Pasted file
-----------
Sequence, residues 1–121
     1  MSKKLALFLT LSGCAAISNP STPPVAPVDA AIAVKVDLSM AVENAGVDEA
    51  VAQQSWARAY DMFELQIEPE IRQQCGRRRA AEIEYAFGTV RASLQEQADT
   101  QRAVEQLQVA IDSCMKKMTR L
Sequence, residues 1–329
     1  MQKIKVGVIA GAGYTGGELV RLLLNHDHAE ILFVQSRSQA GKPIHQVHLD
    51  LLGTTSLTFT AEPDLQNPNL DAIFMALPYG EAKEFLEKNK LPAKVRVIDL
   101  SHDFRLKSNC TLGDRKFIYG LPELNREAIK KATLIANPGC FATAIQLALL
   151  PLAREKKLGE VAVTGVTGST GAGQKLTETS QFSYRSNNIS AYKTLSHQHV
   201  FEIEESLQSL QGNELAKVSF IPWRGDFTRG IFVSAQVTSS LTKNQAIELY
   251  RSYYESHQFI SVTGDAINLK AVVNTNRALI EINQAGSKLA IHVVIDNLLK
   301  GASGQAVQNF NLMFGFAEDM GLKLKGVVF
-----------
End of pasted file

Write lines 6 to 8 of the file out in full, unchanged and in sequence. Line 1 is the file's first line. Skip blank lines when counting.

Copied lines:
     1  MQKIKVGVIA GAGYTGGELV RLLLNHDHAE ILFVQSRSQA GKPIHQVHLD
    51  LLGTTSLTFT AEPDLQNPNL DAIFMALPYG EAKEFLEKNK LPAKVRVIDL
   101  SHDFRLKSNC TLGDRKFIYG LPELNREAIK KATLIANPGC FATAIQLALL